How to map a small town?

How can I best map my town and surroundings?

I have looked into other areas and how it’s being mapped there but still, I really wonder how to procede properly. It seems like for many things there’s no consensus on how to map it properly and you can basically decide for yourself.

  • should I map each tree of my town?
  • should I add the hedges and grasses in the backyard (fronyard) of the buildings?

From what I found it says, I can map them but if I map grass my town will be green and not “residential color” anymore and there won’t be any differentiation between residential and industrial area. Some thoughts about how far one should go when mapping would be highly appreciated!

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You can go down the rabbit hole trying to micro map everything, so pick what most interests you and what you think might be most useful for someone who lives in your town or who is visiting it.

I like using OpenStreetMap based maps and apps for navigation so my first pick for town mapping is to make sure the roads are well mapped: That the names on OSM are correct, the geometry is reasonably good, that speed limits are marked. A bonus if turn lanes and turn restrictions are mapped. Now some one can use Organic Maps, Magic Earth, or OsmAnd to give them driving instructions.

But they need to know where to go. So maybe adding “points of interest” (POIs). The post office, the library, shops, cafes and restaurants, etc.

After the major POIs are done, to allow navigation to individual homes walk the streets collecting the house numbers. When you are entering the house numbers you might take some extra time to get the building outlines in.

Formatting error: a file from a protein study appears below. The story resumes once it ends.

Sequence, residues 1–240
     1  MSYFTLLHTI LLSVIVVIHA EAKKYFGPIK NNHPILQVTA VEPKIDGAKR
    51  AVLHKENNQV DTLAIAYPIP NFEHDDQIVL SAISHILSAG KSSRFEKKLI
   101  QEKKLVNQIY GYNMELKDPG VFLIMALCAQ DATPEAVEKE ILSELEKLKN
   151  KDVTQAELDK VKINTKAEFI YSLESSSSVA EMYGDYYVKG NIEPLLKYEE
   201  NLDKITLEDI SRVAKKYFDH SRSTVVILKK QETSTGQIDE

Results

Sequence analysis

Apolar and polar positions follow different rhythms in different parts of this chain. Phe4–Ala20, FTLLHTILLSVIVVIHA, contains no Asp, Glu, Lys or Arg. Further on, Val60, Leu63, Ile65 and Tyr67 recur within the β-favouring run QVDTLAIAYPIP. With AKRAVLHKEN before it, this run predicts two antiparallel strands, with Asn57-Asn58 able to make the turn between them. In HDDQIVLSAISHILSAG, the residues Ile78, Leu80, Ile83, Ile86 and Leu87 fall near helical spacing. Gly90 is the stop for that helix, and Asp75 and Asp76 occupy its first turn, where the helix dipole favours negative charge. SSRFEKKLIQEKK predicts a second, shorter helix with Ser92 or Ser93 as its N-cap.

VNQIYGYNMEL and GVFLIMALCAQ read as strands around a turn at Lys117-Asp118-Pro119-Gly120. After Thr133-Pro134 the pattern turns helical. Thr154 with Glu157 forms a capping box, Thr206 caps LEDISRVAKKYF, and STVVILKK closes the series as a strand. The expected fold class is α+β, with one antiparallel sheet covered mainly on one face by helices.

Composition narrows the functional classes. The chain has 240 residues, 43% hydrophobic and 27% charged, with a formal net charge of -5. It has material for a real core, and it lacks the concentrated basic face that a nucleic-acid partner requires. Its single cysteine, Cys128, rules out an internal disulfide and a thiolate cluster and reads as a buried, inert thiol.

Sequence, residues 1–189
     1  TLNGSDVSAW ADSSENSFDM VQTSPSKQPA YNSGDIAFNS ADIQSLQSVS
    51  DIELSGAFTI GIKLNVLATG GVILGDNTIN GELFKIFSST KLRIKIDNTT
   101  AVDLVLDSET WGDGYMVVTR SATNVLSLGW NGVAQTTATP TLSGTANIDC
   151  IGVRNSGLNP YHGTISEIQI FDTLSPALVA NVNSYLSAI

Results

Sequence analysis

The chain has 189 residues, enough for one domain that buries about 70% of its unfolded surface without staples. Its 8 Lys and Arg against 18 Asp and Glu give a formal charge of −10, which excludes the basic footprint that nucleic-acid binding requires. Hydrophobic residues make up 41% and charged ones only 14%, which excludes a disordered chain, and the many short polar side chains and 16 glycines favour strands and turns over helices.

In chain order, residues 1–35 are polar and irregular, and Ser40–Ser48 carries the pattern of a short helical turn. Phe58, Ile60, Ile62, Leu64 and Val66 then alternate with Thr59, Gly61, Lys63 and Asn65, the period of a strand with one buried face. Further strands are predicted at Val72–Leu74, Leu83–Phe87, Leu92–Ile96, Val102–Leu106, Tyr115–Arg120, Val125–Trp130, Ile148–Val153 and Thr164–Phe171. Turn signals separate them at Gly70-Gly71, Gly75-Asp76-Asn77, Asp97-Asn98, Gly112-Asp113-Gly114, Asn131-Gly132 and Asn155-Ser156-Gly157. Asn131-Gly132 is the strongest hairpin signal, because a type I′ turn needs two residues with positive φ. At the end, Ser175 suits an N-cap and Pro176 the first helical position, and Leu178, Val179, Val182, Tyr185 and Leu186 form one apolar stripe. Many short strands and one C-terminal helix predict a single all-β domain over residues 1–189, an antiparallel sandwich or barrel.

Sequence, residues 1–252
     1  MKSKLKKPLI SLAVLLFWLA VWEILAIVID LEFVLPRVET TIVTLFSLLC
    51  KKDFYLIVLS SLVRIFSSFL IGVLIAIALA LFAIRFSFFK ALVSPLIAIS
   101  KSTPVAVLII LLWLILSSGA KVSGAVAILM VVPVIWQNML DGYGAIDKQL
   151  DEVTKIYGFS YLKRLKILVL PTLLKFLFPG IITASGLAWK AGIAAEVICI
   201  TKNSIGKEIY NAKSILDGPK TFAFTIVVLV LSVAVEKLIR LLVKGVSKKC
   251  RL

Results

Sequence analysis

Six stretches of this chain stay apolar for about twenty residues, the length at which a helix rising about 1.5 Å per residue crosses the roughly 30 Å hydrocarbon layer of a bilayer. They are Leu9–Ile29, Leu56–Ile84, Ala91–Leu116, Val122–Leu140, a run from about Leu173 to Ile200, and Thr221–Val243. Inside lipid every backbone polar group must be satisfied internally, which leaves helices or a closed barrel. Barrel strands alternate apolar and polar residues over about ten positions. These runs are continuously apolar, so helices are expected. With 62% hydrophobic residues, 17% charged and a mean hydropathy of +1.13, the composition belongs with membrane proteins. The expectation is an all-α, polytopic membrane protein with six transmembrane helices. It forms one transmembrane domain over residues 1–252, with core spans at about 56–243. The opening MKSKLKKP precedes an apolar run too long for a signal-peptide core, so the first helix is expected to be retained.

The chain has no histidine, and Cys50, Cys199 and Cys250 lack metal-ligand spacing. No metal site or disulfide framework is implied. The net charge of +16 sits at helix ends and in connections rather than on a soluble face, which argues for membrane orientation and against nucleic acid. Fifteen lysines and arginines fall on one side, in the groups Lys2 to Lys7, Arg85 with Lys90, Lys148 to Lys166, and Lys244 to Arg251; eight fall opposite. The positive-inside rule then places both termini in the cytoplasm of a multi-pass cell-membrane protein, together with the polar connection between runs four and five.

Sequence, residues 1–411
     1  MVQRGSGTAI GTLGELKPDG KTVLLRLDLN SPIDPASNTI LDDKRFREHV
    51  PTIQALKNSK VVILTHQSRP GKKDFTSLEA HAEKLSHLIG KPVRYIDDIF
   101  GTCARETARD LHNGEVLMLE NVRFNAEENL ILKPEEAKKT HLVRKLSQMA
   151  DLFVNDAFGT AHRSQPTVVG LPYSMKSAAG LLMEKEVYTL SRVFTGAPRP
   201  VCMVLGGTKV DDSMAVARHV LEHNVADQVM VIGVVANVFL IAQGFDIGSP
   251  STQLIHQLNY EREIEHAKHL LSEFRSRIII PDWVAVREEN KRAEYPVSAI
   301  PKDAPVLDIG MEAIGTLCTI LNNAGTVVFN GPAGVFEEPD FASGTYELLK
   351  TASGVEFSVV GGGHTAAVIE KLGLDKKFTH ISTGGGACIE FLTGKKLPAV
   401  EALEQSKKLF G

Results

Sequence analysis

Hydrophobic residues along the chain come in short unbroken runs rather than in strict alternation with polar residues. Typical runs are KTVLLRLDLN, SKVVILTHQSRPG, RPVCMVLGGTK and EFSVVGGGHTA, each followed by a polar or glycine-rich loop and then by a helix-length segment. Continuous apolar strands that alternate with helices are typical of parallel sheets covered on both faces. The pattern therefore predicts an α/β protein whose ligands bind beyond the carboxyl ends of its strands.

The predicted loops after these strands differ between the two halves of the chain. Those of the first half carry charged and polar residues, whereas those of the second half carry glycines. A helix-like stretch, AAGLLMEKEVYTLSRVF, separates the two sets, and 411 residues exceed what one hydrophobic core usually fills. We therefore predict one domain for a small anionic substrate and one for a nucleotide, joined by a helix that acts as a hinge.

While you are at that you can practice some detail mapping of trees, walkways, playgrounds, etc. in the local parks.

If you have done all the above (it took me about a year for where I live now with lots of walking) you have a pretty good map and could even just rest on your laurels. Residents and visitors alike will have their expectations of a map pretty well met.

If that is not enough for you then maybe think about starting to micro map things like fire hydrants, power lines, trees, etc.


Excellent advices!

But before you add any objects (streets, houses etc.) you must calibrate the position of the background image you use. Newbies often think the satellite images are correct, but they are not. All satellite images has position errors.


@n76 thank you!

@Msiipola how do I properly correct the imagery offset? I do have a lot of gpx traces from my runs and bike tours but when I load them into josm, I only get a roughly aligned image, not a perfectly aligned one.

How you adjust the background image depends on what editor you use.

See: Using Imagery - OpenStreetMap Wiki


Pro Tip 1: Wear a high visibility vest. You instantly become invisible and do not attract the attention of suspicious neighbours. :wink:

Pro Tip 2: Take lots of pictures (or video) for when adding detail.


@Firefishy not sure if that’s a joke or seriousness or both :joy:

I’ve already got some street signs but not yet sure what to do with them. Are images just for me locally, or should I upload them somewhere?

I thought about mapillary or kartaview for street images when I drive my bike around. In theory it should work but I need to test the ground stabiliztion feature first. I won’t drive my car through each street just to get pictures :sweat_smile: